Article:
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Consent Without Alternatives

Written by Ben Davies and Joshua Parker

“COVID-19: Do not resuscitate orders might have been put in place without consent, watchdog says”. This recent headline followed an investigation by the Care Quality Commission into Do Not Attempt Cardio-Pulmonary Resuscitation (DNACPR) decisions early in the pandemic. In a recent post, Dominic Wilkinson highlights two misconceptions in the coverage of this report, one of which is the ‘consent misconception’.

Dominic’s view is that “there is no ethical requirement…to seek the agreement of patients not to offer or provide a treatment” which a medical professional judges inappropriate. Of course, his position is not that consultation and discussion around CPR is inappropriate, only that consent is not necessary. This is the standard view on consent in this context and, due in part to the Tracey judgment, reflects doctors’ practice. Thus, an important distinction emerges between consenting to the withholding of some treatment, and discussion of that decision. Doctors may be ethically required to discuss a decision without also having an obligation to seek the patient’s consent. The absence of consent, then, does not signal that the DNACPR was unethical, whereas a failure to consult probably will.

The decision about which patients get CPR is ultimately a clinical decision, i.e. the doctor’s. And while the doctor might consider the patient’s values and preferences, these are not decisive. Doctors cannot be forced to provide treatment, including CPR, that they reasonably believe is futile. They must account for wider considerations – such as resources or harm to others – that may weigh more heavily than the patient’s desire for treatment. Part of the significance of consent is that it provides a power of veto. Yet, in the case of DNACPR, there is no power of veto. A patient can’t override a doctor’s decision to make them DNACPR, thereby apparently providing no role for consent on this side either.

This all underscores that, on the standard view, to consent, one must have options. In the case of DNACPR, the patient has no options. If the doctor makes the patient DNACPR and the patient happens to ‘consent’ (agree) they are still DNACPR; the ‘consent’ adds nothing. If the doctor makes the patient DNACPR and the patient doesn’t ‘consent’ (refuses); they have no power to force the doctor to provide it. If the outcome is always the same (DNACPR), ‘consent’ is not doing any work, so the language is inappropriate and ought to be dropped.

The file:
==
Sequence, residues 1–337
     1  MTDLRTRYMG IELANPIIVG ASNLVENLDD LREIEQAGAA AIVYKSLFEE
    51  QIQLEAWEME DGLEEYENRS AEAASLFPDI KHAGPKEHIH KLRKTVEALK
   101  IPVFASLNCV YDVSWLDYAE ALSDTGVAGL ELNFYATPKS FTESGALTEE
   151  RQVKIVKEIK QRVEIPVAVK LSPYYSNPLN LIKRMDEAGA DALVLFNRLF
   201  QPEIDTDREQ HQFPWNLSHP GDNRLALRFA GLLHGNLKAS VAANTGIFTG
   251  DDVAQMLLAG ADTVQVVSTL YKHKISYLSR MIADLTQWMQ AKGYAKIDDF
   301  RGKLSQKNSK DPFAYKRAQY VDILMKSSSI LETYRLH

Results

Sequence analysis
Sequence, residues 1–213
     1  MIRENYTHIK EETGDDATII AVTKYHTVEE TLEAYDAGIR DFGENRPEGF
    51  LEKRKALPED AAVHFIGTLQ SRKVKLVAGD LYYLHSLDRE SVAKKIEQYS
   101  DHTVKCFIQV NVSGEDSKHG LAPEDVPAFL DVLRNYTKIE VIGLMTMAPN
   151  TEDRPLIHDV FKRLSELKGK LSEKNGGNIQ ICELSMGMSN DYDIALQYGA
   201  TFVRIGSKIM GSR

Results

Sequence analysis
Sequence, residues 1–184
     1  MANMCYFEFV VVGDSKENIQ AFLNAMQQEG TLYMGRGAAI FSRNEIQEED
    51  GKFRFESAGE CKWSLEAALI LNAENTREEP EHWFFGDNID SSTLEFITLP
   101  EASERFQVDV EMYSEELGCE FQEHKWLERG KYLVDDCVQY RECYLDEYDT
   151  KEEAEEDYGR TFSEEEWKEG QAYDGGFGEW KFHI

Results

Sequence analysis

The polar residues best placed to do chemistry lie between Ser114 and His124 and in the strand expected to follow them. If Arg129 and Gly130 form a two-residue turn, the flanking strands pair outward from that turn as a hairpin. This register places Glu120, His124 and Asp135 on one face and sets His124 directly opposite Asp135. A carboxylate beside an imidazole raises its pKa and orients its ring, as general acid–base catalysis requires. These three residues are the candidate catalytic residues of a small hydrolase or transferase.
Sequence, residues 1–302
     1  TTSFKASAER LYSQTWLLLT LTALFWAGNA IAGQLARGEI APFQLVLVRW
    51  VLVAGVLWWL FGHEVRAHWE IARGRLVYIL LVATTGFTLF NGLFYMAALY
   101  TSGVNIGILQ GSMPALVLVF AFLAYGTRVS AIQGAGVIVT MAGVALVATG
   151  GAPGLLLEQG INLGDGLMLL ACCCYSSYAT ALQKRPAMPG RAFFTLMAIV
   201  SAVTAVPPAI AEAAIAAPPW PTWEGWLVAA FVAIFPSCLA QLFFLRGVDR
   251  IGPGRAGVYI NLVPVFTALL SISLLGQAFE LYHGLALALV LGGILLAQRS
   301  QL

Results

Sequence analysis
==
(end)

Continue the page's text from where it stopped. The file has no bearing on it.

This position is reasonable. However, we think it misses something important.

A doctor has several moral grounds upon which to make a DNACPR decision: the thought that CPR would be a waste of resources; that (in the context of COVID) it would pointlessly place the medical professional in danger; or that it is not in the patient’s interests. That the patient consents to the absence of CPR is itself a validation of one ground. Discussion is not simply to inform, but to provide the patient an opportunity to agree with the doctor’s rationale providing additional weight and legitimacy.

Secondly, in asking for a patient’s consent, this involves the patient in her treatment in a way that mere consultation does not. In other words, consent has moral value even where it does not affect the outcome. Consider an analogy: Joan wants to ask her partner, Mary, to marry her. Knowing that Mary cares about certain traditions, she asks Mary’s parents for their blessing beforehand. She is going to pursue marriage with Mary whatever they say, and they know this; but there may still be moral value in requesting and receiving their blessing. The outcome is unchanged, but its moral character is different.

Yet if the patient can consent to the absence of treatment, can they also refuse? Well, yes; but in our case it will make no difference. Doesn’t this fact imply that seeking consent was a sham?

Refusal of consent also has moral power. Just as granting consent changes the moral face of the decision, so too does withholding it. In some cases, it will mean that the doctor must offer justifications for their decision other than the patient’s own good.

There is also power in being able to protest a decision that affects you, even if it doesn’t ultimately change the outcome. Offering consent means that the patient is given a chance to register their dissent. Sometimes, being able to express our disagreement to people in positions of authority is valuable, even if you can’t change their mind.

It is possible that calling this process ‘consent’ is overly misleading, and liable to give patients the mistaken impression that it is up to them which treatments they get. Yet we think it is important to insist that this is not mere consultation, important as that is. The process we outline involves asking the patient for a moral license to treat them in a particular way. Even if that license is refused, there is value in the asking.

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